The New Amaro Obsession
The art of finishing dinner with a glass of amaro, a traditional Italian digestive, is catching on in New York.
This summer, a Spritz blitz took over the bars and restaurants of the big apple. New Yorkers lapped up the scarlet Italian aperitif with abandon and bought bottles of premixed Negroni cocktails for their picnics in the park. Now, New York City is a brew with another Italian trend, the digestivo culture, with the embrace of amaro, an Italian liqueur made from herbs, spices, roots and vegetables.
Over the past ten years, restaurateurs and wine stores have been expanding their selection. Now, many collect vintage amari, which are not as easy to come by. Restaurateurs have admitted to stuffing their suitcases with bottles on flights from Italy and have confessed to asking Italian friends to save the 60-year old bottle found in a grandparent’s liquor cabinet.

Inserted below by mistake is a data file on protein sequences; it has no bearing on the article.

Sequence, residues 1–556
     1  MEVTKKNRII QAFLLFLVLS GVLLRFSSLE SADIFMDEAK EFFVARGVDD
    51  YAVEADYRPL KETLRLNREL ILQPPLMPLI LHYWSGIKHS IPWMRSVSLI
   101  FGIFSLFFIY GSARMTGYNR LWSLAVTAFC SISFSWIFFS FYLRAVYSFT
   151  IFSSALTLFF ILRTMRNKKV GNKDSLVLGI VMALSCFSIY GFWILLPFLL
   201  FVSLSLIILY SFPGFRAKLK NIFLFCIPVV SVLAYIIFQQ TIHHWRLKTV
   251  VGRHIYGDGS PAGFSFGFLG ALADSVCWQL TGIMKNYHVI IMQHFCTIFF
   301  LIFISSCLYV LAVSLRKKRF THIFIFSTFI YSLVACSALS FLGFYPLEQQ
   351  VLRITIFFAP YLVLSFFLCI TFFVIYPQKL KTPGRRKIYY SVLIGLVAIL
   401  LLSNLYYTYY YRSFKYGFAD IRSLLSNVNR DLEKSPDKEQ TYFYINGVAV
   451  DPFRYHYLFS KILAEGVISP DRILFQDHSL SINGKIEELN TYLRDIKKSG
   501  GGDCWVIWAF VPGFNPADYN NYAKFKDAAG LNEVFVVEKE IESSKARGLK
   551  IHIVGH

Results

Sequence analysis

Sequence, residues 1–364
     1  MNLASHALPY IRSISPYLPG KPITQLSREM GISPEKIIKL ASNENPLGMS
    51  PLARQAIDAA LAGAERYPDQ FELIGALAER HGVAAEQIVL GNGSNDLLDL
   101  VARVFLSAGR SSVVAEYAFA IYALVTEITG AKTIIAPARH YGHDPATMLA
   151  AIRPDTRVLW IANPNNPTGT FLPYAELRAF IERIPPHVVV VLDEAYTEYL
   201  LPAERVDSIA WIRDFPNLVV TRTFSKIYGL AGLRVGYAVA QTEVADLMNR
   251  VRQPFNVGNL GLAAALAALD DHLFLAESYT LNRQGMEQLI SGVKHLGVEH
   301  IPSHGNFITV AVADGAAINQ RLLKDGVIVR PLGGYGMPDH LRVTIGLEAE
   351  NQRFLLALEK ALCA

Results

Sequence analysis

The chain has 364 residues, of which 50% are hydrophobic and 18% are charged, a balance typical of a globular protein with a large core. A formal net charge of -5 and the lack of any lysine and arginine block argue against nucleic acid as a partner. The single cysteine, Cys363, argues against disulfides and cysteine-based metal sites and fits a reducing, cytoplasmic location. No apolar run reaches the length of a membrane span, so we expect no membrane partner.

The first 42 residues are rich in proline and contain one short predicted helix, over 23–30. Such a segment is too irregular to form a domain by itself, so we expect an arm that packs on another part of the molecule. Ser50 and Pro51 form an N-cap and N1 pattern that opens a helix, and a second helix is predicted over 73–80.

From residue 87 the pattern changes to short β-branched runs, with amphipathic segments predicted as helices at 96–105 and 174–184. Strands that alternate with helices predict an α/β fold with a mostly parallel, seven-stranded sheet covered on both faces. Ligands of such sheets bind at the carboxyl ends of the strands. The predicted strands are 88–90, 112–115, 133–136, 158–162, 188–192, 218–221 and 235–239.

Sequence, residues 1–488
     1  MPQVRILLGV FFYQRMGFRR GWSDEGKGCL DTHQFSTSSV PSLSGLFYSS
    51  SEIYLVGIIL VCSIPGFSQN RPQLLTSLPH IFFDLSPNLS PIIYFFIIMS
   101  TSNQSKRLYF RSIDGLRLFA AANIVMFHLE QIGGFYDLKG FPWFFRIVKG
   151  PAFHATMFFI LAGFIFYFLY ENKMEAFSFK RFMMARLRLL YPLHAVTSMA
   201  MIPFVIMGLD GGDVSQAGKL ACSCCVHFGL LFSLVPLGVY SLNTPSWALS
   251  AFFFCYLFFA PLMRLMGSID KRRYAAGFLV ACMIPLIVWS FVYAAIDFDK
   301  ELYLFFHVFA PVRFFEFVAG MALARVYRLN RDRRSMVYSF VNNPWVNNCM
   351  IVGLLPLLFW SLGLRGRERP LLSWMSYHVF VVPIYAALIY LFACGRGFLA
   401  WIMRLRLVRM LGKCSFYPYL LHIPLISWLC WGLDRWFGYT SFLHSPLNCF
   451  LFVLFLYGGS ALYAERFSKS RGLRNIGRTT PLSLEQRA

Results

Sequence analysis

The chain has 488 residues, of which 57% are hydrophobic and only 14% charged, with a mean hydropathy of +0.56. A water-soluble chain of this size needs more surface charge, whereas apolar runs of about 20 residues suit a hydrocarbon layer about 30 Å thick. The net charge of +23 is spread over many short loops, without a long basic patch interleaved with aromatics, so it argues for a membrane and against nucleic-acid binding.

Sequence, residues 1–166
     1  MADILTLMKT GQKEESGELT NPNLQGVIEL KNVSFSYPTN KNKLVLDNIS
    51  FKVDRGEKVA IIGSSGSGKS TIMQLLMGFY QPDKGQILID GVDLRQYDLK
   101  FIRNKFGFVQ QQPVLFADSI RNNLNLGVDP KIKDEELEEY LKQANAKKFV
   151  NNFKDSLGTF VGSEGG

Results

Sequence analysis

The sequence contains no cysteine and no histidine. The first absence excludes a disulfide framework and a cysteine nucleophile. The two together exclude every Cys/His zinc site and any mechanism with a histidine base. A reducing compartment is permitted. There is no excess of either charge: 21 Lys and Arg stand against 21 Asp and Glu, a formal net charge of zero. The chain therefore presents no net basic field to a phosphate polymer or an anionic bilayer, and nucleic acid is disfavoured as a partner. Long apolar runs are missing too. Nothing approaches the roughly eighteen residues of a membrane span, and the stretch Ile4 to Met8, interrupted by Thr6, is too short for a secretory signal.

Amaro, a drink often associated with elderly people seeking a soothing liquor to settle their stomachs in Italy, has become, as one liquor store owner said, “a cultural calling card” in New York. Though it’s been around the US long before Prohibition–when it was sold as a tonic in pharmacies– restaurateurs have recently started advertising free amari tastings and featuring their selection on dessert menus.
In the winter, amaro completes a heavy meal quite nicely. Those who adore wine often find admiration for amaro thanks to its other magical properties: it can prolong a meal (an impressive feat given New Yorker’s sense of time), and no amari tastes the same (the secret recipes list just a few of the ingredients, but keep evolving with time.)
by Abigail Napp | La Cucina Italiana
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